Degree Name

Doctor of Philosophy


University of Wollongong. Faculty of Education


Information Technology (IT) education and training in Papua N e w guinea (PNG) like those in many developing countries has not been formally introduced into the public school system. The demand from public and private sector employers for personnel with IT knowledge, experience and qualifications from the workplace is growing rapidly as the workplace is gradually applying computing skills to improve efficiency. PNG nationals from the public sector educational institutions, particularly school leavers from the secondary school level (which constitute that population) urgently require education and training opportunities in computer application skills and IT in general.

In PNG, only the universities, some post-secondary institutions and the private training organisations are conducting some form of formal computer related courses. Since entry to universities is highly competitive and often a limited number of study places are available, the majority of the school leavers and employees who require computer skills training often resort to the short-term computer related courses conducted by private computer training organisations. The private computer training organisations are registered as a 'commercial organisation' but conduct computer or IT related education and training programs as a 'private training organisation'. Such a scenario is allowed and facilitated by the current policy and regulatory framework which promotes unregulated, uncoordinated and ad hoc IT education and training environment in the country.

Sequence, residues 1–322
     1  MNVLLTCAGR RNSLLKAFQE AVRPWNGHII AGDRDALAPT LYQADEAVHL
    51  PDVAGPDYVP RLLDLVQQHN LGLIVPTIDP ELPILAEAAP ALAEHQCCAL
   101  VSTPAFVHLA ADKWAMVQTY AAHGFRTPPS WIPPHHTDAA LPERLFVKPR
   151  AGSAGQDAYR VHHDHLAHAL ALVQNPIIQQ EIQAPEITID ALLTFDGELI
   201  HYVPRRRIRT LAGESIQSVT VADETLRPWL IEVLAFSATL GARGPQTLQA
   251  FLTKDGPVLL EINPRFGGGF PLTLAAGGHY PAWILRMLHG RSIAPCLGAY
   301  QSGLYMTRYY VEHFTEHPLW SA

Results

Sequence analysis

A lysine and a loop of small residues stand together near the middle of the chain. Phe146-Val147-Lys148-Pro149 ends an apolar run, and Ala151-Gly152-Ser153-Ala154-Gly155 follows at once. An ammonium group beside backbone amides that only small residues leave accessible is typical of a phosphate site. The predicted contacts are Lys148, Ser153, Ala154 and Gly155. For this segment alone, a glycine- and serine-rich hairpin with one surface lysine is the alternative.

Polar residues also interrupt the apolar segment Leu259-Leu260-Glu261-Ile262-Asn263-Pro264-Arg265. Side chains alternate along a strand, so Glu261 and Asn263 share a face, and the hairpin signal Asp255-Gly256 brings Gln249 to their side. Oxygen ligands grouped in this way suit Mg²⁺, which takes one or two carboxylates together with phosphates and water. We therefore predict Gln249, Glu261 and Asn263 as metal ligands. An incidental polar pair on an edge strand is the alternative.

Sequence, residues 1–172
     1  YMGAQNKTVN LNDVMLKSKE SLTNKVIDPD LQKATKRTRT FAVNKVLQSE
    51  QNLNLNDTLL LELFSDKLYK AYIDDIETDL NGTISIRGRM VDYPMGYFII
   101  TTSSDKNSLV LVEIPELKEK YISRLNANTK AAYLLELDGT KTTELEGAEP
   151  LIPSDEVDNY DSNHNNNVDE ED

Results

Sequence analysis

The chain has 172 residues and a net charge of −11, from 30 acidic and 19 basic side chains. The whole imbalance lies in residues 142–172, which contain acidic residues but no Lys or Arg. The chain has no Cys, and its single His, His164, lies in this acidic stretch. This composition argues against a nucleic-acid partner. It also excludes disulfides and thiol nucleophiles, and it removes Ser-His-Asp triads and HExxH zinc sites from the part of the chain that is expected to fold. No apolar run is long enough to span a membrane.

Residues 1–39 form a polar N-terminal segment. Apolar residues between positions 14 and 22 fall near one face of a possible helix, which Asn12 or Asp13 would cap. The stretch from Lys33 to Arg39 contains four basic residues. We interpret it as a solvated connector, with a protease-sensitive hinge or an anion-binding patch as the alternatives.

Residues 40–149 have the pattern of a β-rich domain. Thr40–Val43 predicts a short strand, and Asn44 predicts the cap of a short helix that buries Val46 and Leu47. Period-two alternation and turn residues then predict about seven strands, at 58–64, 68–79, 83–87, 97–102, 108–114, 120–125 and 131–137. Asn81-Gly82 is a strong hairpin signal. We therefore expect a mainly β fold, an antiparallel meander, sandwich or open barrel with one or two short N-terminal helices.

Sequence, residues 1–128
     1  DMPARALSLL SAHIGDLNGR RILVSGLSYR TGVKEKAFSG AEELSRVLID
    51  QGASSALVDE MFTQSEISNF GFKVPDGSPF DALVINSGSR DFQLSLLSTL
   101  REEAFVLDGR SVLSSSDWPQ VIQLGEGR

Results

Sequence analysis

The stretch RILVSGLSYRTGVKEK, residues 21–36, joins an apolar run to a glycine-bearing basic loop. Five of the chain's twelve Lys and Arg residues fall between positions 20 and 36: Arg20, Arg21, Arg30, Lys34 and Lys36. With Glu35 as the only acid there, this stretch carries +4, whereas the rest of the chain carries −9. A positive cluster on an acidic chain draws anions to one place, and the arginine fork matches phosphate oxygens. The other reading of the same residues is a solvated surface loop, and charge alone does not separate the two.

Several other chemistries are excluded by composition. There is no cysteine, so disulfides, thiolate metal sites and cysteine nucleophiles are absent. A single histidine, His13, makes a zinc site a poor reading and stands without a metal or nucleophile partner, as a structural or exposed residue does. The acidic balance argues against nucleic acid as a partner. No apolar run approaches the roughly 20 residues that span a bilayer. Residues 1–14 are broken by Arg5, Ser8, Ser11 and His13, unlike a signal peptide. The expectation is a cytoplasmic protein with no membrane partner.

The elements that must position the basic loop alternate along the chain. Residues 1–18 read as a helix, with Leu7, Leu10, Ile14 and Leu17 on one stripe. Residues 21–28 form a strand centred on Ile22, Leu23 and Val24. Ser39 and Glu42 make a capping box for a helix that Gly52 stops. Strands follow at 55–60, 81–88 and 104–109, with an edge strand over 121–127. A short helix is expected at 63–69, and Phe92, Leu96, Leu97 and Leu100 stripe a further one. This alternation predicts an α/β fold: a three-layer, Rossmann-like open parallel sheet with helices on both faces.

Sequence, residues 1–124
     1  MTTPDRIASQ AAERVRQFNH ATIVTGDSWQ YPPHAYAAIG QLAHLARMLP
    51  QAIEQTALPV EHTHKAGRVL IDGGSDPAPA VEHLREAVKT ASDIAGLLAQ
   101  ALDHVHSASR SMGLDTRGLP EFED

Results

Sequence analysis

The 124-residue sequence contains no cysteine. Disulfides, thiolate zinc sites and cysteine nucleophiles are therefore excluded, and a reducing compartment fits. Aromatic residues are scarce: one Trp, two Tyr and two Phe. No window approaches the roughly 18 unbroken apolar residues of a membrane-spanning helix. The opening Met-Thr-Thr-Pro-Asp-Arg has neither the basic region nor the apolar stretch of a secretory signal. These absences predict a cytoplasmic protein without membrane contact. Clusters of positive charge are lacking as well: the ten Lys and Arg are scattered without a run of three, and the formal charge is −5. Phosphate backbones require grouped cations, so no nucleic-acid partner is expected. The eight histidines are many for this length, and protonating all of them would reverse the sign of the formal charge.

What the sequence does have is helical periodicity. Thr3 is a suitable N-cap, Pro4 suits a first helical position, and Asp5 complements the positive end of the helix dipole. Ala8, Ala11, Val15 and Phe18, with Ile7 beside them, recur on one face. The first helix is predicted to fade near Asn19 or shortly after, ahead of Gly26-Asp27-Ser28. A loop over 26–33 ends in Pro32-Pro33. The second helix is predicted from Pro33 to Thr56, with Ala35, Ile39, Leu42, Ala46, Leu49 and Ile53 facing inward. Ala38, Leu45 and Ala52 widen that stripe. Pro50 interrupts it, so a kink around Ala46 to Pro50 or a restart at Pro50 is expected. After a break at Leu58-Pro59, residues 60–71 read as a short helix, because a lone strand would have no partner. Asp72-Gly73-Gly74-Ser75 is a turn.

The private computer training organisations, their computer training courses or programs and their present practices under the existing policy framework were examined. The existing government policies and regulations with a potential to facilitate IT education and training in PNG were analysed in view of the current computer training organisations, training programs, and their pedagogical details examined. It emerged that the private computer training in PNG is chaotic under the present policy and regulatory framework. There is neither a specific policy formulated nor a curriculum guideline provided to cater for IT education and training in the country.

Several recommendations based on the research findings, are put forward forward for implementation by various existing authorities as well as recommendations for a new authority and new structures under which IT education and training can be facilitated. The thrust of the recommendations strongly supports the view that IT education and training in PNG be given national attention by the government because of the potential in using IT in many socio-economic aspects of the country and more importantly because of its potential to create a knowledge industry within the country. In order for this to occur, the government must play the pivotal role in formulating a national IT Policy for implementation by both public and private sector. Further, necessary administrative and physical infrastructure should be established as a matter of priority in order for IT education and training to be promoted, applied, and implemented. In addition, the many recommendations made must be implemented within the suggested policy and curriculum framework.

Several implications of the many recommendations put forward are suggested. If the recommendations are implemented then IT education and training in the country would be planned, coordinated, and delivered in accordance with the suggested policy and curriculum framework. On the other hand if the recommendations are not implemented then the status quo would be maintained. A Ripple-Effect theory is postulated which attempts to model the current chaotic private computer training organisations and their respective training programs as well as predict the future private computer training scenario under the proposed IT Policy and IT Curriculum framework.

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Unless otherwise indicated, the views expressed in this thesis are those of the author and do not necessarily represent the views of the University of Wollongong.